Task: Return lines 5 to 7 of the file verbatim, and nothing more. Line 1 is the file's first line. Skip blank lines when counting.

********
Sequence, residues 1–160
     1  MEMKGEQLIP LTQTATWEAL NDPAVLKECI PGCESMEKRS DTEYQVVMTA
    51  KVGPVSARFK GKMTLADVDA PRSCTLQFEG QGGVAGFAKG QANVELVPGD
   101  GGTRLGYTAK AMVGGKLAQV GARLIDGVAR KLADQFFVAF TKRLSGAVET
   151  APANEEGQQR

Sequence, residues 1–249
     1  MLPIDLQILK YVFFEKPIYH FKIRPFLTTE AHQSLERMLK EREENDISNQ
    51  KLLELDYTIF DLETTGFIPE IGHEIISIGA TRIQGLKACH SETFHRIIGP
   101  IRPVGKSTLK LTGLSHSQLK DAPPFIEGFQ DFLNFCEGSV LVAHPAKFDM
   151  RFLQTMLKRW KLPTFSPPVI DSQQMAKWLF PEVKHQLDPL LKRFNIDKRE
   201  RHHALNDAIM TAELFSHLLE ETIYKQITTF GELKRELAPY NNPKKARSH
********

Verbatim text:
   151  APANEEGQQR

Sequence, residues 1–249
     1  MLPIDLQILK YVFFEKPIYH FKIRPFLTTE AHQSLERMLK EREENDISNQ